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Lava trees

Volcanology
Lava trees on the eastern Rift zone Kilauea volcano, Hawaii
Lava trees on the eastern Rift zone Kilauea volcano, Hawaii
The lava coating around a tree trunk left by an invading liquid lava flow.
When a liquid lava flow invades a forest, often, the lava does not overthrow the larger trees, but flows around their trunks. At the very contact of the hot lava to the bark, a thin layer of the lava is quenched sufficiently to form an isolating coating around the trunk. The tree itself most often burns down slowly, eventually falling down onto the lava.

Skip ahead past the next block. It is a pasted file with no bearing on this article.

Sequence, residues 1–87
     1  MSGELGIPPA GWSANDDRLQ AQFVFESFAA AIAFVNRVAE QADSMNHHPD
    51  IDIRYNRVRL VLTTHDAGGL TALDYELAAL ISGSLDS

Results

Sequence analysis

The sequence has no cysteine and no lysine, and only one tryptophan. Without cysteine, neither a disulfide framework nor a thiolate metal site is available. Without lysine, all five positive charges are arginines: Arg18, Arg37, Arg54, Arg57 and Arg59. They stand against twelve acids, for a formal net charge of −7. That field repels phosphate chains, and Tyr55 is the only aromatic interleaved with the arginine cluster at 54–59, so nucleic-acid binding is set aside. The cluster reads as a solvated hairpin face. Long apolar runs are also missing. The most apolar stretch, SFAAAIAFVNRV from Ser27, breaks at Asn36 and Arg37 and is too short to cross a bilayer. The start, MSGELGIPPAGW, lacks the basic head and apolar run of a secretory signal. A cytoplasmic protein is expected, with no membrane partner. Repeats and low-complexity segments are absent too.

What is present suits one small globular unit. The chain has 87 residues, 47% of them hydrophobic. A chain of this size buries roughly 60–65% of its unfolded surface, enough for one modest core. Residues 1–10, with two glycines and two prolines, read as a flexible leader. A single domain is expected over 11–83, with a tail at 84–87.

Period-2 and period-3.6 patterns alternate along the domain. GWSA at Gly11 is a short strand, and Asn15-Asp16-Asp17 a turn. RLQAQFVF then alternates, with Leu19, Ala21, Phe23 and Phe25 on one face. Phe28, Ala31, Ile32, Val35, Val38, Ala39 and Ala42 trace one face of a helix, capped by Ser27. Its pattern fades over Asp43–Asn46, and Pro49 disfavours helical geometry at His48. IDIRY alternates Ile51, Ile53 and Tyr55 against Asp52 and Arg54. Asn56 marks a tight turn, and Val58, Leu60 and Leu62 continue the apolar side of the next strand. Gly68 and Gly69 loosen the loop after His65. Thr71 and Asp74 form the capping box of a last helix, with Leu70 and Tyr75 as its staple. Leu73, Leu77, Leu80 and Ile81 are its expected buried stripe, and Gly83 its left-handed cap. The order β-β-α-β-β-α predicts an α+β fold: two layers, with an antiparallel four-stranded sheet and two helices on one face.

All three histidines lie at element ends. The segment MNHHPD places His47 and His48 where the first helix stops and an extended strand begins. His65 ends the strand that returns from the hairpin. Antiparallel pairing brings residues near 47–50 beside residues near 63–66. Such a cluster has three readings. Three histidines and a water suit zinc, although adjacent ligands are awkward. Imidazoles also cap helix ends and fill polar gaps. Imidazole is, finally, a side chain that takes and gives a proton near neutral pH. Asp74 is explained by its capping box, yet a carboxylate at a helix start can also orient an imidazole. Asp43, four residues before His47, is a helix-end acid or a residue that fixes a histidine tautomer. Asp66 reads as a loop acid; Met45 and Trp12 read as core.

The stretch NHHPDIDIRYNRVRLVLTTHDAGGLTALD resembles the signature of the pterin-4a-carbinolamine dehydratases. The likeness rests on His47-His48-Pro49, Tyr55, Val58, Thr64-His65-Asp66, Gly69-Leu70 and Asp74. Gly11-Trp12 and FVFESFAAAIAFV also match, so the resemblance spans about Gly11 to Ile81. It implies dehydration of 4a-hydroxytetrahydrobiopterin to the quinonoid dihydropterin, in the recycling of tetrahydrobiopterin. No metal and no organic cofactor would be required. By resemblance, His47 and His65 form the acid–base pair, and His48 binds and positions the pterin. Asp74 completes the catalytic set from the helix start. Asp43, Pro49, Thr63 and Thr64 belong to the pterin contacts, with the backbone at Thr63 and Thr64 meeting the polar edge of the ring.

The typical lava trees are formed when after the initial surge, the lava level drains and lowers, but the earlier chilled coating around the trunk is behind standing as a precise hollow cast of lava around the shape of the original tree up to the highest lava level during the eruption.

In some cases, the tree can even remain standing and remain for years as a black charred skeleton, and in rare cases, some trees even survive and continue to grow after the eruption.

Lava trees are typically found at basaltic shield volcanoes with liquid lava flows such as Kilauea on Hawaii.

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